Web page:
Head Games (1)

As per the OP of this blog, I was told that if I were to start such an online domain of the random things happening in my life, coupled with a few posts about books, that at least two people would read it. Another person, however, said that it seemed a really self important thing to do and was fairly disparaging of the notion. This is my attempt to drag him into the fold by making him accountable for some of the content.

Like this, but better.

So yeah, Head Games – it’s another writing project that I’ve got in the pipeline. It should be noted that the pipe in question is very long and full of treachorous hazards such as laziness, distraction and real life getting in the way. Nonetheless we have started research for this particular project and intend to make a start at least sometime this half of the century…

It should be explained at this point that ‘we’ is comprised of myself and Barrett (the other dude from my ‘experimental’ musical project Diath and the DM to our D&D group to name but two aspects of his character and to give some reference to those of you who have yet to meet this particular ‘ray of sunshine.’ A lot of ‘this’ going on when he’s involved, it would seem). This whole idea arose out of playing a fantastic pitched battle style WWII boardgame called Memoir 44, after he bought the Eastern Front expansion and we got to play with the Russians. Included were some special rules for snipers and much of the scenarios are about the Nazis attempting to break into Stalingrad. This led on to a discussion about snipers, ’cause y’know snipers are cool, and how they’ve been portrayed in recent films with Enemy at the Gates being the main point of contention. It’s a good film, make no mistake, but it is also obviously quite tailored towards a wide audience and so has a number of things going on other than two snipers locked in a battle of wits, such as a love subplot and other things happening in the war. As far as we were concerned this was all well and good, but didn’t really achieve the kind of existential bleakness that we would have loved to see. We wanted an incredibly sparse and barren story of two men with only their own thoughts for company, locked in an enormous battle of wits with the other, a chess game where each had to be at least a dozen moves ahead of the opponent or be shot through the head with no warning at any given moment of theday or night. To this end, we decided to write such a story ourrselves, Barrett would take the Russian – myself, the German – this came down to mild personal preference couple with ever so slightly more knowledge of each culture respectively than the other, not that either of us are experts in the field.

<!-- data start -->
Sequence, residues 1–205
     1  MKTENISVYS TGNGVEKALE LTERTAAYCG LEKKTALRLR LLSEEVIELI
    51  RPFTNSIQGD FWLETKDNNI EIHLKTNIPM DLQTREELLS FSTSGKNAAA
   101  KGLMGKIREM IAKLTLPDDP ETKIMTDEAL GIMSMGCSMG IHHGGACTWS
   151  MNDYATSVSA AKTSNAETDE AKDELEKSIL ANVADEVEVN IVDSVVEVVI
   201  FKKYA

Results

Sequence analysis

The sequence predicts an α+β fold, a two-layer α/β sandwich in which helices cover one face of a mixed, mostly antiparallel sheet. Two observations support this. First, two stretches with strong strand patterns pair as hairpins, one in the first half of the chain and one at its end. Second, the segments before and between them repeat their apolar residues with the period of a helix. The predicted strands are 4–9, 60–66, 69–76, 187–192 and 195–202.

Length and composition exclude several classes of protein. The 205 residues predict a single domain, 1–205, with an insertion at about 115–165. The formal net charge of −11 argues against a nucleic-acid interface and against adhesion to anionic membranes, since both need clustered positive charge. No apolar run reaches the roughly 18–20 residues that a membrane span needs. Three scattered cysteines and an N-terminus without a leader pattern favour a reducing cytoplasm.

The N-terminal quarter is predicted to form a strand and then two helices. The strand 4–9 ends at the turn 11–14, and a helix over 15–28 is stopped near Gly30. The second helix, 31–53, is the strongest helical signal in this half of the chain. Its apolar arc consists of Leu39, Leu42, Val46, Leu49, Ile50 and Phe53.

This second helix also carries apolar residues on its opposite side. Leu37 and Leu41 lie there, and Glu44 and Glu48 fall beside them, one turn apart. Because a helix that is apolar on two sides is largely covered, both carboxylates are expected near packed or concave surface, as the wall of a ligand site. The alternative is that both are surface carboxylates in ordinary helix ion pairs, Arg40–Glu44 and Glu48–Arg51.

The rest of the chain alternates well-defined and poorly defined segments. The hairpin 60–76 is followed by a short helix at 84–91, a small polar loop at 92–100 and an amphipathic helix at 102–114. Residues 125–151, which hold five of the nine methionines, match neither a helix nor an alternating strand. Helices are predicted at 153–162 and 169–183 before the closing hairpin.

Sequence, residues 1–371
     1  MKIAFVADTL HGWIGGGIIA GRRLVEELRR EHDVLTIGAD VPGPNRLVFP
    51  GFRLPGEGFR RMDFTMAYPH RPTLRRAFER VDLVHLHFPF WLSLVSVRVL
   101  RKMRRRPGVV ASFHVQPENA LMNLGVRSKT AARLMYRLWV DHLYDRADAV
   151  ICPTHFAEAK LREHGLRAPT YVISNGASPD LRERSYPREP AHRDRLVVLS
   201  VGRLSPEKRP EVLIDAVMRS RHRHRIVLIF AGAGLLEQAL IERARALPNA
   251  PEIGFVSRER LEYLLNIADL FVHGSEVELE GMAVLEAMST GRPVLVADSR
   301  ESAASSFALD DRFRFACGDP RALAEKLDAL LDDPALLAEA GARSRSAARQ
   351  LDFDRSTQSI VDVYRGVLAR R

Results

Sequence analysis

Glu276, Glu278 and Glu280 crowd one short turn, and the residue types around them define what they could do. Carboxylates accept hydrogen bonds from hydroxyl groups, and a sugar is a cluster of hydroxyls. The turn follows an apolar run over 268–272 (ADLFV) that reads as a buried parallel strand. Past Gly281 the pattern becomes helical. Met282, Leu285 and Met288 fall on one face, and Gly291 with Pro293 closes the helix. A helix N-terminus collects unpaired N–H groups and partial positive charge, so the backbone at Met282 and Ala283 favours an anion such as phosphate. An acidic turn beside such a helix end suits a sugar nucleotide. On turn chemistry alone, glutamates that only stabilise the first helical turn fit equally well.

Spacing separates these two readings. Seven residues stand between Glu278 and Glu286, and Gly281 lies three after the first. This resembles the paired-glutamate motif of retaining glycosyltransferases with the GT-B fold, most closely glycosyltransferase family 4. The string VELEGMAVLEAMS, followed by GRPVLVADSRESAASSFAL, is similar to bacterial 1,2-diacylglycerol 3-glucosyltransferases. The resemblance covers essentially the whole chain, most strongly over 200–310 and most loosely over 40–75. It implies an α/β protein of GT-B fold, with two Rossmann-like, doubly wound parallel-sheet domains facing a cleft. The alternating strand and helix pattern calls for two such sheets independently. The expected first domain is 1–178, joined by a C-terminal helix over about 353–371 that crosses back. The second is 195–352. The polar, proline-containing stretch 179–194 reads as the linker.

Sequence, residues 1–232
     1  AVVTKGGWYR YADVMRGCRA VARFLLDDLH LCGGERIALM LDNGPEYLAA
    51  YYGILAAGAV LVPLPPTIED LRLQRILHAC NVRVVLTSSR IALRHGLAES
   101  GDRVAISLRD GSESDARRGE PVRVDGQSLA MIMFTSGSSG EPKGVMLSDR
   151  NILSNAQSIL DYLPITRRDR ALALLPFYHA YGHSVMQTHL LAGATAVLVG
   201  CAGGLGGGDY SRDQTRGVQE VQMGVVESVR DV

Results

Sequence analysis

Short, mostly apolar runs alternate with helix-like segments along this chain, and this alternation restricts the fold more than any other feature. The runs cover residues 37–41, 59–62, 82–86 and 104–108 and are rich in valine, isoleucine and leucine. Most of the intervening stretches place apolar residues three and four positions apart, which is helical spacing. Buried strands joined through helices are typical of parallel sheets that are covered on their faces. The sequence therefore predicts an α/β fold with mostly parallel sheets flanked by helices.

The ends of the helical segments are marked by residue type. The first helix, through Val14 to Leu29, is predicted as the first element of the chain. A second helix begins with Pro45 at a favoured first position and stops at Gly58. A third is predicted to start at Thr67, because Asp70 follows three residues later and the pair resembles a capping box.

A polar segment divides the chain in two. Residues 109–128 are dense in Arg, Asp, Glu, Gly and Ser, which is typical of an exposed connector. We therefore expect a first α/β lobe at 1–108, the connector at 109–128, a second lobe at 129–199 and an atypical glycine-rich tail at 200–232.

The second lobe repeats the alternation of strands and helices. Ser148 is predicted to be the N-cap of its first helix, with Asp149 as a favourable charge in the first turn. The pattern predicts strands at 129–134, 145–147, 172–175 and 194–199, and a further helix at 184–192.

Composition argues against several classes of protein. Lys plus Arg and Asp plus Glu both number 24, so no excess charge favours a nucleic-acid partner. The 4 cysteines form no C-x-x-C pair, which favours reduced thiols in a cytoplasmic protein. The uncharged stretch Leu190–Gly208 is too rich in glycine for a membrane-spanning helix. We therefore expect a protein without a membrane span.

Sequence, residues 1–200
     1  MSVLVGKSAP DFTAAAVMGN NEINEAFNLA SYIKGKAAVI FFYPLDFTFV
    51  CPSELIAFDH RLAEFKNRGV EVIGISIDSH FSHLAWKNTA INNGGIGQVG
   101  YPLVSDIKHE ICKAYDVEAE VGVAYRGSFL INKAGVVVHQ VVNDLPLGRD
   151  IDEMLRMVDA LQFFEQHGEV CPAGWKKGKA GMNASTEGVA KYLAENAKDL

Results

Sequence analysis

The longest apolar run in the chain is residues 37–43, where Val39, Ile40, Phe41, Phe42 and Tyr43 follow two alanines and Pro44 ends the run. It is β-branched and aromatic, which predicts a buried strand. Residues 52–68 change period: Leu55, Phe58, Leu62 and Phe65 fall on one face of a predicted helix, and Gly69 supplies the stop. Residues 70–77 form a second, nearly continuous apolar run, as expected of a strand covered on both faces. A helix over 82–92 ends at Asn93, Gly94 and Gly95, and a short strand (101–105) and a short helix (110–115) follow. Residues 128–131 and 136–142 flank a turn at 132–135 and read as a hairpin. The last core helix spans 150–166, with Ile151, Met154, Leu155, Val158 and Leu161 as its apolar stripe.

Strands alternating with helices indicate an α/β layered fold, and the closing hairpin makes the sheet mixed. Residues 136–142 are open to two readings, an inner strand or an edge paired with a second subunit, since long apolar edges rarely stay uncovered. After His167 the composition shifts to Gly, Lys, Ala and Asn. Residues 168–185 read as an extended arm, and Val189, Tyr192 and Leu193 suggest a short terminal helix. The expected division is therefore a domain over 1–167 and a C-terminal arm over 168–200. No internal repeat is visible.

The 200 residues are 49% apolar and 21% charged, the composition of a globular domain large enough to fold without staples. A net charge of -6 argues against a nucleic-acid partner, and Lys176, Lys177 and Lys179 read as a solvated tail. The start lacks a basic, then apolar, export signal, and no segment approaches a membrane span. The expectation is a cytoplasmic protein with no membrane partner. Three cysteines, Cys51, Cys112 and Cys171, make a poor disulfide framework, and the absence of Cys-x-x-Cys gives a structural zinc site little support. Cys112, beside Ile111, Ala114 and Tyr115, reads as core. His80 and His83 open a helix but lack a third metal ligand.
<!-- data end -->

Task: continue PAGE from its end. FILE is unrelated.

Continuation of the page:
The name Head Games is the working title we’re using, unless we find something better, because it works on a couple of levels:

  • The cat-and-mouse nature of the situation, two skilled marksmen stalking each other through the rubble of a ruined city.
  • The nature of the technique we’re intending to use to write large portions of the book (more on this later).
  • The fact that it sounds neither too pretentious, nor too obvious to our minds.
  • It’s a bit of dark humour given that both characters’ ultimate aim in the story is to put a bullet in the other guy’s temple.

After checking out Russian naming conventions (it’s quite the convoluted system regarding how you address people, according to the formality of the situation, respect for elders or those of higher position and closeness between the parties involved) which we finally got our heads around, we researched one of the clutch points of detail – the types of rifle that these guys would have been using. Wikipedia is a marvellous tool, no? The corect Allied Russian rifle for the time would have been a Mosin–Nagant M1891/30 or a Tokarev SVT 38 equipped with a 3.5X PU telescopic sight and additional locking notch for a see through scope mount. Respectively, Nazi snipers would have used something like a Geweher 43 fitted with a Zielfernrohr 43 (ZF 4) telescopic sight which gave 4x magnification. Guns, baby.

Since then, we’ve started buying reference books, watching films in the genre, getting a feel for the context of the encounter and generally been buffing up on our knowledge, as well as considering options regarding the two snipers’ personalities, motives, bacjgrounds, etc. In the next part I will explain the (probably completely unnecessarily obtuse) system we intend to use to write the book with, as well as a bit of detail about where I hope to take my character.

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1 Response to “Head Games (1)”


  1. 1 Kriv August 17, 2010 at 1:17 am

    dude check out the story of Simo Häyhä a finnish sniper in the winter war, he was insane!


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